When most people hear of energy-efficient building techniques or high-performance buildings, they assume that there must be a cost premium associated with the increased efficiency. However, this is not always the case. Some of the premiums typically associated with energy efficiency can be reduced if planned for with a strategic method. When designing a building, or renovating a building, with energy-efficiency in mind, it is important to consider passive measures as a first priority, followed by active measures, and then last consider renewable options. What do these terms mean, and why this specific order?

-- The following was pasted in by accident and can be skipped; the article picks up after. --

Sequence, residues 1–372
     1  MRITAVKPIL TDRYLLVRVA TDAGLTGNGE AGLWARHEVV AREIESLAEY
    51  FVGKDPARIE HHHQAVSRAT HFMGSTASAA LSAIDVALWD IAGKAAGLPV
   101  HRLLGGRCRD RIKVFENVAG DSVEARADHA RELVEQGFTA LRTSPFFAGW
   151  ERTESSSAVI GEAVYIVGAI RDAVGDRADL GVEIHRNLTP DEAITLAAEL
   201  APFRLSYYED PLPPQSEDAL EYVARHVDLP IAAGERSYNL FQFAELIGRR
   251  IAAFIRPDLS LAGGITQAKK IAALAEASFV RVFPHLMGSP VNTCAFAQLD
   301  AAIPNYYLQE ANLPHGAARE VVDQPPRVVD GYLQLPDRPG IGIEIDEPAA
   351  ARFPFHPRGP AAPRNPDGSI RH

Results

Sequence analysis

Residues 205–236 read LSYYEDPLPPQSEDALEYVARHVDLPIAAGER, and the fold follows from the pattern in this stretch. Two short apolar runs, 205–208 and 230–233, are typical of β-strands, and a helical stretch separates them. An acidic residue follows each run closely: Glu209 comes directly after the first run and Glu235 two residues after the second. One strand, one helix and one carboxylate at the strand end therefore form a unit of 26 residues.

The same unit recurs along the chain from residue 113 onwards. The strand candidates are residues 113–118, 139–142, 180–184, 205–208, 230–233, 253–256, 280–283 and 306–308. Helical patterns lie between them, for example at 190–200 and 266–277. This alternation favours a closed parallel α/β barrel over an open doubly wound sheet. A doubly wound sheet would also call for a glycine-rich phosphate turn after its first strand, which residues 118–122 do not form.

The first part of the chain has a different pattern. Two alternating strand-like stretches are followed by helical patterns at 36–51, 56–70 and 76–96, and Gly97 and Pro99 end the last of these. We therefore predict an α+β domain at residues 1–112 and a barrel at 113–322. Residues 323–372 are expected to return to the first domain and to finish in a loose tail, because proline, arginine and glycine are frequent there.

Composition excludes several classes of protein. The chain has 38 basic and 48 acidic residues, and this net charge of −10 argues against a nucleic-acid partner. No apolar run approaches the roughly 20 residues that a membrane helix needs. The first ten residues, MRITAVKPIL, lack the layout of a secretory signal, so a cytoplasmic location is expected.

Passive measures include things like building orientation and massing, which would optimize the building for daylighting, shading, and natural ventilation. Properly orienting and massing a building is a highly effective way to lower energy use, and may be very simple and inexpensive to accomplish when taken into account in the early phases of design. Other passive measures include insulation, air-tightness, and high-performance windows and doors. If your building has ideal natural light coming through the windows, your need for electrical lighting could be significantly reduced. If your building is well-insulated and airtight, the cooling and heating loads would be significantly reduced. These reductions then impact the size and cost of the "active" electrical and mechanical systems that are required in the building.